By tracing the historical development of the relation between the Chinese Communist Party and China’s courts, this article finds that in order to subjugate the state as a whole to its superior power, the Party has confined judicial power to a ranking order which it has determined and administered. It follows that courts can compel compliance with the law by non-state actors or state actors of lower rank but not by state actors of equal or higher rank than theirs. These arrangements are essential for the Party to maintain its control over judicial affairs of political significance without preempting the capacity of courts to regulate social and economic activities of low or no immediate interests to the Party. Such arrangements also contribute to both the authoritarian and paternalistic roles that the Party has assumed in its relation with courts, which explains the puzzling nearly schizophrenic character that courts have displayed in the course of their activities.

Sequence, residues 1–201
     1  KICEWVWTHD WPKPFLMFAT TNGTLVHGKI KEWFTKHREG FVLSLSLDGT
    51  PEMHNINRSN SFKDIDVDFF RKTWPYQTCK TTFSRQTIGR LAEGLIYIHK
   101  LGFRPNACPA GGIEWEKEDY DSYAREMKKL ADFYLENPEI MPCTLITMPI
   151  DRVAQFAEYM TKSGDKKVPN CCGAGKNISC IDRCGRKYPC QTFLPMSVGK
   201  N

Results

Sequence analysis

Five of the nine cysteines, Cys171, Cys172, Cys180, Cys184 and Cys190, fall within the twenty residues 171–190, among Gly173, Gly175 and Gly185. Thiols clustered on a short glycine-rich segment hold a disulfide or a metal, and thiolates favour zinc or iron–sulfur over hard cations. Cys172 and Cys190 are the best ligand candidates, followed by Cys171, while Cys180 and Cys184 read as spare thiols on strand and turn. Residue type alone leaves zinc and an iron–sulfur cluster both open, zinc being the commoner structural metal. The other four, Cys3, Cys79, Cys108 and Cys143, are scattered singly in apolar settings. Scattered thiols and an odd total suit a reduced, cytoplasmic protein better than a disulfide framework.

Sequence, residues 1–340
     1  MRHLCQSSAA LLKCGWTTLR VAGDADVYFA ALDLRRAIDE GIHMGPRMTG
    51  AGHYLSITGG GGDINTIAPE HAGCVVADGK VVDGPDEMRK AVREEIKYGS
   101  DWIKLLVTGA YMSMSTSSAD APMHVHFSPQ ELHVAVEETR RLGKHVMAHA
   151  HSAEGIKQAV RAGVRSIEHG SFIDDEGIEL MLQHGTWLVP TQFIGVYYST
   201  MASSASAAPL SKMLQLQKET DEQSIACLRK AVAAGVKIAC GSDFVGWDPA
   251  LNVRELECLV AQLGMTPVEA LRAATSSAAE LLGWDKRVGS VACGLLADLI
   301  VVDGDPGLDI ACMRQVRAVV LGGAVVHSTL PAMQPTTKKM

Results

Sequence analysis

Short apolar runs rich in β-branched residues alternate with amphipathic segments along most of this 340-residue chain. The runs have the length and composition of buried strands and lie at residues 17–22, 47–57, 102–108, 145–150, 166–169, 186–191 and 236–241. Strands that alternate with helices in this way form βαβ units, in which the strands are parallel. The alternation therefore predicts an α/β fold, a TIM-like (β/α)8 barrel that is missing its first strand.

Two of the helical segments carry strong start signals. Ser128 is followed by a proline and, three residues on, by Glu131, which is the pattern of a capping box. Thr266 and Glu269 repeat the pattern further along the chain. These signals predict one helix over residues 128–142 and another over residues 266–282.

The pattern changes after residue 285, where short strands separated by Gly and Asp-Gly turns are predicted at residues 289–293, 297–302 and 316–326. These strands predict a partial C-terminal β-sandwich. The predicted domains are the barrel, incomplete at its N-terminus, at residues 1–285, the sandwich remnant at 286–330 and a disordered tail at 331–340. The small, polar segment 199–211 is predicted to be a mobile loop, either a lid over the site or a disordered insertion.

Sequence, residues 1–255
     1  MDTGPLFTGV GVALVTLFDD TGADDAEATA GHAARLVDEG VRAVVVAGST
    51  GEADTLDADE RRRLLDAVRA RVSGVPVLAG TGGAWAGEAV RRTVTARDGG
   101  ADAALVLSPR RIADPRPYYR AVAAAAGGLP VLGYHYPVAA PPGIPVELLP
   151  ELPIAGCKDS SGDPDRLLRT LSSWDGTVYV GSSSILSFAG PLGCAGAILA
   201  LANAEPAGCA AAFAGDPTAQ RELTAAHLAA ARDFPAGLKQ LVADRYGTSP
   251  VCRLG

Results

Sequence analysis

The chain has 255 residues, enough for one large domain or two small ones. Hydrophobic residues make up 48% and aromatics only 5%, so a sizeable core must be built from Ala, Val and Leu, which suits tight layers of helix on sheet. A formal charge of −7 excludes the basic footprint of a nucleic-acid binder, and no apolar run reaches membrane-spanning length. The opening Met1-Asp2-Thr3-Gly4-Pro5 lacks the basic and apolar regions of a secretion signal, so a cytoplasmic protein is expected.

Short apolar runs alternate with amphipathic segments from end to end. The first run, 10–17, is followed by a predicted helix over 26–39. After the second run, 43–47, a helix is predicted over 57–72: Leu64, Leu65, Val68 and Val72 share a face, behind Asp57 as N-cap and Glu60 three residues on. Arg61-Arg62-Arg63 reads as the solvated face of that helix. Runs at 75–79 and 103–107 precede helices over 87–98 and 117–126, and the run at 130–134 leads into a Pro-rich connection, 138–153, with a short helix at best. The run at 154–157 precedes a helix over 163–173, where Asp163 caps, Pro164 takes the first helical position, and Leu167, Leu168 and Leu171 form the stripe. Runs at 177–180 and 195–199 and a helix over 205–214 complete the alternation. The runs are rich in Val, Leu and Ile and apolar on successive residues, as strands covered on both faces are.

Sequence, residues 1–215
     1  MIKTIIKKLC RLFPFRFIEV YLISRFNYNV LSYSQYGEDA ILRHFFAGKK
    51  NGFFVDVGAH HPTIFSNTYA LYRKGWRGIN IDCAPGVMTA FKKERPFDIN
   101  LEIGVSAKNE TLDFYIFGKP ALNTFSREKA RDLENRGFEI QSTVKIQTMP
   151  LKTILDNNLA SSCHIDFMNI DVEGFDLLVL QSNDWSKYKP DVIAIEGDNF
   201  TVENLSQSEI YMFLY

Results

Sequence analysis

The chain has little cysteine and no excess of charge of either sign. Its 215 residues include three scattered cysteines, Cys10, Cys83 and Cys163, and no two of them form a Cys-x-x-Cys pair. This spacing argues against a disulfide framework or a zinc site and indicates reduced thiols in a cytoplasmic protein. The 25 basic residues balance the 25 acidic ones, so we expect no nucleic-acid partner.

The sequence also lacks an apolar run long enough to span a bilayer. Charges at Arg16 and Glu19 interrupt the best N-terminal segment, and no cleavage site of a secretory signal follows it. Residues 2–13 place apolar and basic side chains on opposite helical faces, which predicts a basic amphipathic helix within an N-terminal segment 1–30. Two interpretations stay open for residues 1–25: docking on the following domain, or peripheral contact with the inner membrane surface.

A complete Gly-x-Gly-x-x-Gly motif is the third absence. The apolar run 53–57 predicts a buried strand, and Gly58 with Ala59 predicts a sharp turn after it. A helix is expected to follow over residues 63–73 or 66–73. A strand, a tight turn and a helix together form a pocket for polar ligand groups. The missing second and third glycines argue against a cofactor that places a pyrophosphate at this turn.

To access, click here. Forthcoming in the American Journal of Comparative Law, Vol. 64 (1), 2016